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The association between left ventricular hypertrophy and consumption of nuts, including peanuts, pine nuts, and almonds

Authors: Park, S. K., Oh, C. M., Kang, J. G., Seok, H. S., & Jung, J. Y. Journal: Nutr Metab Cardiovasc Dis Year: 2021 Pages: 76–84 Volume: 31(1)
Fruits: Almonds · Nuts · Peanuts · Pine nuts
Subject: Cardiovascular

Background and aims: Studies have reported that nut consumption is potentially beneficial in preventing cardiovascular disease. However, data are insufficient regarding the association between nut consumption and left ventricular hypertrophy (LVH).

Methods and results: In the Kangbuk Samsung Health Study, the participants were 34,617 men and 12,257 women who completed a food-frequency questionnaire for nut consumption and received echocardiography. Nut consumption was evaluated only for peanuts, pine nuts, and almonds defining 15 g as one serving/servings dose. Multivariable adjusted odds ratio (OR) and 95% confidence interval (CI) for LVH were evaluated according to the consumption frequency of one serving dose of nut. The frequency of nut consumption was categorized into five groups (<1/month, 1/month-1/week, 1-2/week, 2-4/week, and ≥4/week). The subgroup analysis was conducted by dividing the participants into the following two groups: the nonhypertensive/nondiabetic group and hypertensive or diabetic group. In women, nut consumption ≥2/week had the lower multivariable adjusted OR and 95% CI for LVH (2-4/week: 0.46 [0.26-0.81] and ≥4/week: 0.48 [0.25-0.92]) when compared with nut consumption <1/month. This association was identically observed in the subgroup analysis for women without hypertension and diabetes mellitus (DM) and women with hypertension or DM. However, men did not show the significant association.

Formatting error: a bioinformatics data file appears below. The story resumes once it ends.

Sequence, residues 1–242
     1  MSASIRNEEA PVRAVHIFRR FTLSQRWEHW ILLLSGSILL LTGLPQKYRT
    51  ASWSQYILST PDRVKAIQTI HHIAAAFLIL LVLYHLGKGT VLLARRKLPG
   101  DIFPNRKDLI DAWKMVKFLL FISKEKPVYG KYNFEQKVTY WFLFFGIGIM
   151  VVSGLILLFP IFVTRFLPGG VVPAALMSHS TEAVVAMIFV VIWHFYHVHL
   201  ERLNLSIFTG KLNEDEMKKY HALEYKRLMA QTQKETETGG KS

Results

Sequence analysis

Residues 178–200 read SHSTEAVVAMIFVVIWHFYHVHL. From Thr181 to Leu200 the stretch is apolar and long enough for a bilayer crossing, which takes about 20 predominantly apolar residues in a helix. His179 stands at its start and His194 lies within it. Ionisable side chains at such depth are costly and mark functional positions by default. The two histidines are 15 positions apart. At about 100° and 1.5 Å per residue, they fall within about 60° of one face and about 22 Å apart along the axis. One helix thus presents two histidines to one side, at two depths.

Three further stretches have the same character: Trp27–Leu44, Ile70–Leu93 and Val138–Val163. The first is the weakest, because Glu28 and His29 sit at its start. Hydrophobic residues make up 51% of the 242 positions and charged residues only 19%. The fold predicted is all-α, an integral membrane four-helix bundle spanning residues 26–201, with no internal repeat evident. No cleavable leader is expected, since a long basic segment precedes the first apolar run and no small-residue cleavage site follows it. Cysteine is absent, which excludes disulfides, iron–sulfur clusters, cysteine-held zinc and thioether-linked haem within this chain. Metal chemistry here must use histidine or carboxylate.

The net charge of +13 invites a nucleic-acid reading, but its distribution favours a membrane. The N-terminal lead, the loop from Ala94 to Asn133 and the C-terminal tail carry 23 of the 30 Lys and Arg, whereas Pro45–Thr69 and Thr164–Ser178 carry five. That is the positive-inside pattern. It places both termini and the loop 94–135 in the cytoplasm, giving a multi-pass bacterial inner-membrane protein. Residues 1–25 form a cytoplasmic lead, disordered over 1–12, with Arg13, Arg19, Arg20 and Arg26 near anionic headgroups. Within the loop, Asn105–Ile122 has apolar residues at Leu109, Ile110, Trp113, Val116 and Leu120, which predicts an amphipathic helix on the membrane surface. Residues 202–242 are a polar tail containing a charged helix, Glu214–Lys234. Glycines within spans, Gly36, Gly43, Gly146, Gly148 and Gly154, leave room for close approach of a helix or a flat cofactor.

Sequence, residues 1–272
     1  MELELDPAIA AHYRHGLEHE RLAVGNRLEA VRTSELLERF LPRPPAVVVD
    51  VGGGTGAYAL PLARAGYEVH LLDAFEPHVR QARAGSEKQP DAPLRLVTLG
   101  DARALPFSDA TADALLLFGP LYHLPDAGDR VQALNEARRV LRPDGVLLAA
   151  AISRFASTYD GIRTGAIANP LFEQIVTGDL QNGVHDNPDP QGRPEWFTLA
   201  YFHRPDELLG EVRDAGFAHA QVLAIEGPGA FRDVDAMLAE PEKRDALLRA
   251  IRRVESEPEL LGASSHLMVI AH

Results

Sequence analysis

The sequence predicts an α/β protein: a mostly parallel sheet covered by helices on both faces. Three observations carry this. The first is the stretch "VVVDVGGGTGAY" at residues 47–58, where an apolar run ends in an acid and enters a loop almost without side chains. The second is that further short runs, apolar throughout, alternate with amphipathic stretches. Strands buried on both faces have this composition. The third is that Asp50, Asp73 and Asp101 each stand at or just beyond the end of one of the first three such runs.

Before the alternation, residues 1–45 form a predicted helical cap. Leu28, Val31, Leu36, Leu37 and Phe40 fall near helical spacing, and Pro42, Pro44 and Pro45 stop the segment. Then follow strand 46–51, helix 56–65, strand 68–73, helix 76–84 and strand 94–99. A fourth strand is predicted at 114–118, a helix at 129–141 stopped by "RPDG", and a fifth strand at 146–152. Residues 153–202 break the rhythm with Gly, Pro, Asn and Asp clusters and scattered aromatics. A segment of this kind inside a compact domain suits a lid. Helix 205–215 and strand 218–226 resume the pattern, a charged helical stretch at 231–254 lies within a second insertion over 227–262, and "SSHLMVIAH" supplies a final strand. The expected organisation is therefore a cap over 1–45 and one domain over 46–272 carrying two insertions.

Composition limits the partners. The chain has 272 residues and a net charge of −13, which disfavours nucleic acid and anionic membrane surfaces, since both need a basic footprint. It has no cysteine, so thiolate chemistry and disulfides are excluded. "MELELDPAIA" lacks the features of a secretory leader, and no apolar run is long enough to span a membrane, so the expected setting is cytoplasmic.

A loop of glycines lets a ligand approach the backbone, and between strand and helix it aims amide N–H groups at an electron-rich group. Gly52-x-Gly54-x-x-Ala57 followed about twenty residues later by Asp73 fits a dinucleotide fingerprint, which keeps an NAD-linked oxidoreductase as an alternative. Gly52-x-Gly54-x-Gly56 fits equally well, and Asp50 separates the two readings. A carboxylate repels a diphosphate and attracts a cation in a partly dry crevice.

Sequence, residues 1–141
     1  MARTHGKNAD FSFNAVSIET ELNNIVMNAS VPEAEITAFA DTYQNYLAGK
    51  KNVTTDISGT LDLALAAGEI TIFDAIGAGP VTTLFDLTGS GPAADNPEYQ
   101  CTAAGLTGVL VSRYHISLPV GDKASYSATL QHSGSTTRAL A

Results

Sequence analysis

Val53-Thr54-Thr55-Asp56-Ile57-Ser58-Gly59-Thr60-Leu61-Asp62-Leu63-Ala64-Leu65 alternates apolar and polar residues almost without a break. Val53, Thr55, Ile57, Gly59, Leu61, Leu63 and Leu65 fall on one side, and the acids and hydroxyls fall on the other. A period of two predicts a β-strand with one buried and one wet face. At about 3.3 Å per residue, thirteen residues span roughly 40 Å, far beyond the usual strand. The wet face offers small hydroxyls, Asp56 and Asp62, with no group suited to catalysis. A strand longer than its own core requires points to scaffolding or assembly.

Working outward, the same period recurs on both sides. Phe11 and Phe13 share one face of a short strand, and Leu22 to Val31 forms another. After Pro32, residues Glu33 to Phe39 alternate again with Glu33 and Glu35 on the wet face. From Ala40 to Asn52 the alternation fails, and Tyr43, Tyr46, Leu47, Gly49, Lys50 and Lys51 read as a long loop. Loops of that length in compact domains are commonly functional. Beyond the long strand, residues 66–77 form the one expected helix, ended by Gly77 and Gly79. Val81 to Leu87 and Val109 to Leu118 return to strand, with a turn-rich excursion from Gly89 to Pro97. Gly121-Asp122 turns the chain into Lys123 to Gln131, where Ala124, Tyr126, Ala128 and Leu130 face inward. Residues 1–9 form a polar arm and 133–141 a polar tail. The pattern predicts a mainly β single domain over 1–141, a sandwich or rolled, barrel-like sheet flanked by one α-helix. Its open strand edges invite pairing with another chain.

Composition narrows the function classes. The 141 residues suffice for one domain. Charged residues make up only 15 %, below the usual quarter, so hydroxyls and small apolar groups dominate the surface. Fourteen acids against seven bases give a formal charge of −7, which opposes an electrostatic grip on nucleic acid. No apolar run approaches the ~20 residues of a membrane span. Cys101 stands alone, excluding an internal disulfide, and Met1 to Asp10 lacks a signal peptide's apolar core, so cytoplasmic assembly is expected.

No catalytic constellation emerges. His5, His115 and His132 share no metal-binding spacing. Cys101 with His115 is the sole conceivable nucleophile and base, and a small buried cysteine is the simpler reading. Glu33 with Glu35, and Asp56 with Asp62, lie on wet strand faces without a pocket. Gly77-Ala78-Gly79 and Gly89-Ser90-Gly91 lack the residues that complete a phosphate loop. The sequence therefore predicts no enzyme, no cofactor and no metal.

Conclusion: In women, nut consumption ≥2/week was associated with the decreased probability of LVH. Further research studies should investigate whether the beneficial effect of nut consumption on LV structure results in better cardiovascular prognosis.

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